I would very much like to visit manchester in another month. At the beggining of the year, I booked a trip to Newcastle, but It was canceled due to the virus:/ I hope I will get a chance to visit my future uni, since I wasn't anywere in the UK besides Edinburgh.

Manchester seems to be very well situated in terms of world recognition. It's kind of important for me as well, because I don't hope to stay in the UK after graduating, I would like to go back and work in my country. I'm still considering studying here.
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(Original post by FutureEEengineer)
I didn't apply for Edinburgh tho, since the city seemed too expensive to live in for me. I was on a trip in Edinburgh and I loved it!
When applying for Bristol I did research its colaboration with UWE and its great robotics laboratory. Although it looks like mostly researchers benefit from it, but students have nice place where they can put theirs projects together.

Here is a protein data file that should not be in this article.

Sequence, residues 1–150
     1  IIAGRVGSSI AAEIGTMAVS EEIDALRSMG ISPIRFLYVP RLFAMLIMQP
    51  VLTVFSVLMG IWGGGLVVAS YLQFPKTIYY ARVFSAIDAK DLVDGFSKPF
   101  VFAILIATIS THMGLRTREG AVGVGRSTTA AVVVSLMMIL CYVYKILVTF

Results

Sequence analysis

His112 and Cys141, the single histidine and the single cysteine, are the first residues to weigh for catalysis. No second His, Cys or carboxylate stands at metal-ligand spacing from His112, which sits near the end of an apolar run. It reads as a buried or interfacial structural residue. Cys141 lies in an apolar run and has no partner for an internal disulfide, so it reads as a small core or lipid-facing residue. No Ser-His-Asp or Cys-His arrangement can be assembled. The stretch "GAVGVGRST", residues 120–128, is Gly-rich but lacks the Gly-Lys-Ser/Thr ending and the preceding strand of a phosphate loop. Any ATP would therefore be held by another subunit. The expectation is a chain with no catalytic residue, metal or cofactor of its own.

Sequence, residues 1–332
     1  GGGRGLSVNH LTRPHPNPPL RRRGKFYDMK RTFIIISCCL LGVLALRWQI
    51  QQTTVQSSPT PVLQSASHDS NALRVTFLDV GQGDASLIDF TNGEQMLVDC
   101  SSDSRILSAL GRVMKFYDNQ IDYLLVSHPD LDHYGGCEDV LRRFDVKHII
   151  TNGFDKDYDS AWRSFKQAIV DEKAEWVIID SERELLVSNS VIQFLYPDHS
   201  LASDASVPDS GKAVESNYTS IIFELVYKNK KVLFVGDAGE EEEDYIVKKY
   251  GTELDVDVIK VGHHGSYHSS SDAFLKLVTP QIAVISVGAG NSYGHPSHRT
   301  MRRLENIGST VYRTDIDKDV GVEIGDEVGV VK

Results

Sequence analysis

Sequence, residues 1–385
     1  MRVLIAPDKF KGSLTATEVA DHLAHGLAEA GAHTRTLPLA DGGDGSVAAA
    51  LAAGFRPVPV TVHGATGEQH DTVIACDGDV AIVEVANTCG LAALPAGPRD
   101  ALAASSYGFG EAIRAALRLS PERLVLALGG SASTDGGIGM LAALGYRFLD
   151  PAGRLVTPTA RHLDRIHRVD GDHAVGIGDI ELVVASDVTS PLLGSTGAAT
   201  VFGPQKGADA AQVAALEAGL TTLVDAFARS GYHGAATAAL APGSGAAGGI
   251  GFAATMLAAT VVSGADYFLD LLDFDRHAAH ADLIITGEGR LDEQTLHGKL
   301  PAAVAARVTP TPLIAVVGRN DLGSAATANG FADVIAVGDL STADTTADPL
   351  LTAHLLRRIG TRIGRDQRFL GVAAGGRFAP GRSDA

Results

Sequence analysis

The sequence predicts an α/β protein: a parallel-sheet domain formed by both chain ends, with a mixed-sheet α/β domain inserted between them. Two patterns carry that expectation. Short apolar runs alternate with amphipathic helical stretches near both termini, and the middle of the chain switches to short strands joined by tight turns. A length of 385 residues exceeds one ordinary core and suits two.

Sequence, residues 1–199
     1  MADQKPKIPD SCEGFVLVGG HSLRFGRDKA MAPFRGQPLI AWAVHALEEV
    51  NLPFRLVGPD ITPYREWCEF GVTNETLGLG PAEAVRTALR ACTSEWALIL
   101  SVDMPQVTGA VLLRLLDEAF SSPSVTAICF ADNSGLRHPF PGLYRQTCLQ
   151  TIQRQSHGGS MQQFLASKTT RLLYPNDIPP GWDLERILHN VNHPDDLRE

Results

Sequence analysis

I don't know what to think about mechatronic's course modules at Manchester. https://www.manchester.ac.uk/study/u...ourse-details/
Worries me, lack of programming languages. Bristol has python, which I also hoped to learn. C seems littlebit outdated, but I know it is still valid and essential in work.

In terms of societies, I also did some research before applying. There is a mars rover competition which takes place in Poland every year, and it gathers teams from all over the world. Only few unis from UK take part in it, Manchester is one of them, this one of many reasons why I choose them to be on my top-list on ucas.

Moreover, manchester is buidling/renewing facilities, campus for enginners. I expect the engineering at Manchester to be developing more and more.
https://www.mecd.manchester.ac.uk

When choosing unis, I reached out to a friend who graduated from ICL, he told me that Manchester, Edinburgh has nice graduating prospects.

I would very much like to visit manchester in another month. At the beggining of the year, I booked a trip to Newcastle, but It was canceled due to the virus:/ I hope I will get a chance to visit my future uni, since I wasn't anywere in the UK besides Edinburgh.